Publication Date: Wednesday, May 18, 2005|
Our Town: Of violence and respect
Our Town: Of violence and respect
(May 18, 2005)
by Don Kazak
It's scarier now because I can't have my little sister go outside," a Latino youth said.
He was one of eight young people -- six high school students and two recent graduates -- who participated in a round-table discussion May 2 about how street violence in East Palo Alto is touching their lives.
The four shooting deaths so far this year has people who remember 1992 feeling nervous, even though they pale compared to the 42 homicides that year, largely drug-related.
Much has changed since 1992. The University Circle office towers replaced the old Whiskey Gulch, a Four Seasons luxury hotel is nearing completion, and a thriving regional shopping center anchored by huge IKEA and Home Depot stores bring thousands of shoppers -- and their dollars -- to the city every week.
But the up-tick in street shootings last year prompted Rose Jacobs Gibson, a former East Palo Alto mayor and current San Mateo County supervisor, to form the East Palo Alto Crime Reduction Task Force. As part of that effort, the nonprofit group One East Palo Alto has held three meetings to talk about prevention and alternatives for young people.
At the most recent of those meetings, May 2, the City Council chambers filled with people who had something to say. They had some startling things to hear, too, from the young panelists.
And it wasn't all about street violence. Part of it was about the police -- what they're not doing, and doing.
"There's too much violence, too much drug dealing in the streets," a black girl said. "The police don't do anything."
"The police aren't doing their job," a young Pacific Islander woman said. "If they did their job, to serve and protect the community, we wouldn't have drug dealers and we wouldn't have people dying."
"The cops will stop you and start screaming and cussing you out," a Latino boy said. "And you really can't talk back to a police officer. They think you're selling drugs."
"I would like to see people treated with a little more respect," a girl said. "We have police that assume you're doing something wrong. They disrespect you. They come out disrespecting you, and it's hard to respect someone who doesn't respect you."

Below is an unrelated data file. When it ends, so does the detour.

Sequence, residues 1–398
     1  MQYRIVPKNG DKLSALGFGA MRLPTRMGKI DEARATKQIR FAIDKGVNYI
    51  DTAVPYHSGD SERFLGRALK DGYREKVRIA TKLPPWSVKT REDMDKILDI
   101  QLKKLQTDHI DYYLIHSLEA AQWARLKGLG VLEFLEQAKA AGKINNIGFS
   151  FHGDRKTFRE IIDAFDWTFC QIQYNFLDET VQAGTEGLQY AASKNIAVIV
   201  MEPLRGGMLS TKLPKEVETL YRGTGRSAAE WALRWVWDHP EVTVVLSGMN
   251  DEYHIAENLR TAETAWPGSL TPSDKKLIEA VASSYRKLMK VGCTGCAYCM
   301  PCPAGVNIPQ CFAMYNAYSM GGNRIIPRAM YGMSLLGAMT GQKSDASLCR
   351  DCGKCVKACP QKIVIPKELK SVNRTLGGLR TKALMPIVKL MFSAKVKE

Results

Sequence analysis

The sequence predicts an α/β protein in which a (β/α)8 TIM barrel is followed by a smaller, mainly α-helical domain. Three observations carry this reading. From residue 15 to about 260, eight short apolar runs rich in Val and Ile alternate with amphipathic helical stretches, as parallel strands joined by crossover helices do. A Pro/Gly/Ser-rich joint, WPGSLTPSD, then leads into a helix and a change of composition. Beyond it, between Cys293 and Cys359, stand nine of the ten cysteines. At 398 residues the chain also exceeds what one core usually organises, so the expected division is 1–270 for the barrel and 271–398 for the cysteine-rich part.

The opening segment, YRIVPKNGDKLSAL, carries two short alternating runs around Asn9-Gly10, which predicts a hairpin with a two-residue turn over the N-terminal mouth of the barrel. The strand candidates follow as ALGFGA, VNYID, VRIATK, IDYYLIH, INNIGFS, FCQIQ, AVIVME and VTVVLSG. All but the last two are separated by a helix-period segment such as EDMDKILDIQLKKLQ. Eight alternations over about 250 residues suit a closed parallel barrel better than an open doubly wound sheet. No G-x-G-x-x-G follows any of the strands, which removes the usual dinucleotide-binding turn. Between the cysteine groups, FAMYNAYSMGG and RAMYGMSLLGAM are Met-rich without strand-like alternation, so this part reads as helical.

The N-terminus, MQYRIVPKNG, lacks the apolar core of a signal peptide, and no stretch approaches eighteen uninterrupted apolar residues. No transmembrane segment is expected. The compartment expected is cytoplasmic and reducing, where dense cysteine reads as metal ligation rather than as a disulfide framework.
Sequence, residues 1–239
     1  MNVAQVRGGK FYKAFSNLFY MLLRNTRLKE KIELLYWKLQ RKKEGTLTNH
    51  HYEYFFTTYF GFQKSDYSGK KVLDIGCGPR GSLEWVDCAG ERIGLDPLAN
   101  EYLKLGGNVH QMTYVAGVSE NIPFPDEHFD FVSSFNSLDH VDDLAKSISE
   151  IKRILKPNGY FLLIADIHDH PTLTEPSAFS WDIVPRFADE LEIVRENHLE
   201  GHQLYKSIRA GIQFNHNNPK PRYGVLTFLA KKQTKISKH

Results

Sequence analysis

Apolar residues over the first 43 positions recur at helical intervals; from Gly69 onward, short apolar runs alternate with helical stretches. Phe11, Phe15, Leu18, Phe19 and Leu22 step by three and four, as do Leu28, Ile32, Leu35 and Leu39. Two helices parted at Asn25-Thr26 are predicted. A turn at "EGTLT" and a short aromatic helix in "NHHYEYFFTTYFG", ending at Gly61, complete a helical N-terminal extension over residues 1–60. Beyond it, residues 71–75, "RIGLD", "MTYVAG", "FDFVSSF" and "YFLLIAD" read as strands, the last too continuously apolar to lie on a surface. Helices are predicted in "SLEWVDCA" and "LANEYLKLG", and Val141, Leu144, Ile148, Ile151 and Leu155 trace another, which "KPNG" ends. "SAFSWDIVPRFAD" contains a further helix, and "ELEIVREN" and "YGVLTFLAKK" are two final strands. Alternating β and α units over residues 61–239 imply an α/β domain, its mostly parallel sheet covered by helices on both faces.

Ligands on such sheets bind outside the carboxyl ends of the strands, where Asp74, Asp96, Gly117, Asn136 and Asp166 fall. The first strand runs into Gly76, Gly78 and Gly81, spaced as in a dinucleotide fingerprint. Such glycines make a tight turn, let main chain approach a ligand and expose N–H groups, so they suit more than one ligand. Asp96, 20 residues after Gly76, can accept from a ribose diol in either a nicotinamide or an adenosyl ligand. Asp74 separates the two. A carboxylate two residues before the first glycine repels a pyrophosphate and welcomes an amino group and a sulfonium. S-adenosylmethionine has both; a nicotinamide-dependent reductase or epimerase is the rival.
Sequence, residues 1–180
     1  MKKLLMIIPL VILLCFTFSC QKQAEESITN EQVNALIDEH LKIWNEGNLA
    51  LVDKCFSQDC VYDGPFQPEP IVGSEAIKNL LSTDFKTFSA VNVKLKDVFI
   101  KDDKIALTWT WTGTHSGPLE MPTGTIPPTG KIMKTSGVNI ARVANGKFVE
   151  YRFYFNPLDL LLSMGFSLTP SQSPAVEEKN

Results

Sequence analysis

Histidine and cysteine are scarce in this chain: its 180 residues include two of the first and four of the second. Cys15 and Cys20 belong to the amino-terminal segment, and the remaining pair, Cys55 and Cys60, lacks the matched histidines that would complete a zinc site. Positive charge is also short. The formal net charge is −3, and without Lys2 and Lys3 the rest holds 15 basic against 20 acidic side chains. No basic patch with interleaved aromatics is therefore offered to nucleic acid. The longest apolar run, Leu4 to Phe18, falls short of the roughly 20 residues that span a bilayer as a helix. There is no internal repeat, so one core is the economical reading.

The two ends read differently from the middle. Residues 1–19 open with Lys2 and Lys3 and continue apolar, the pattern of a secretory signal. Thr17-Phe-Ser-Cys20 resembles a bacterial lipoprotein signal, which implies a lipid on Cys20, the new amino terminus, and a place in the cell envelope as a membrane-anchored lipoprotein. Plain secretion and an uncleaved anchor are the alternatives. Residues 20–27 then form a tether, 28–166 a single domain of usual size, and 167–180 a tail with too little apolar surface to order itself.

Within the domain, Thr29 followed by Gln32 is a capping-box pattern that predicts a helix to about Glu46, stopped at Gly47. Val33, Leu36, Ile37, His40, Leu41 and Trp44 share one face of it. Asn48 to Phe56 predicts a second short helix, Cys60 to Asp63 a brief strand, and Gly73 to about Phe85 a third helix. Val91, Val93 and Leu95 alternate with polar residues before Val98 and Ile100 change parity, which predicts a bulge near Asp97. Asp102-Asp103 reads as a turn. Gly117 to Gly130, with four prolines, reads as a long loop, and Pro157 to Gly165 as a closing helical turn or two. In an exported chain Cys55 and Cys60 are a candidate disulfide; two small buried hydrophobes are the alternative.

These were, as Executive Director Faye McNair-Knox of One EPA said, the good kids, "not the kids on the corner."
Then came the zinger.
The Pacific Islander woman started to say what should be done but choked up and started crying.
"My family went through a lot with the police," she finally said, without being specific. "I think the police force we have now should be fired. They're basically not doing their job."
The crowded room hushed, her words hanging in the air.
Several officers, including interim Chief Steve Belcher, were listening. A new chief is about to be hired and Belcher, a retired Santa Cruz chief, stepped in seven months ago to hold the fort, almost literally.
"I heard fear, frustration and mistrust," Belcher later said at the meeting. "It tells me we have a lot of work to do."
It's not surprising that some of the anger has turned against the police. Some of the people shot down have been innocent bystanders, including a 15-year-old boy standing in his front yard last August.
"They don't even know who they're shooting at," one panelist said.
The four homicides so far this year don't sound like much compared to 13 years ago. But the shiny new stores were supposed to symbolize East Palo Alto shedding its troubled past and moving on.
Belcher has asked the city to fund four more officer positions, to be filled by San Mateo County Sheriff's deputies, two for investigations and two for street patrols -- it takes six to 12 months to recruit and train new officers. The council hasn't yet acted on that request.
The department is funded for 48 officers but is currently 10 short. Six officers are on various forms of leave, and there are four vacancies. "Twenty percent of my officers are missing, for whatever reason," Belcher said.
"From where we were, we're light years ahead. From where we want to be, we're light years behind."
Weekly Senior Staff Writer Don Kazak can be e-mailed at firstname.lastname@example.org.
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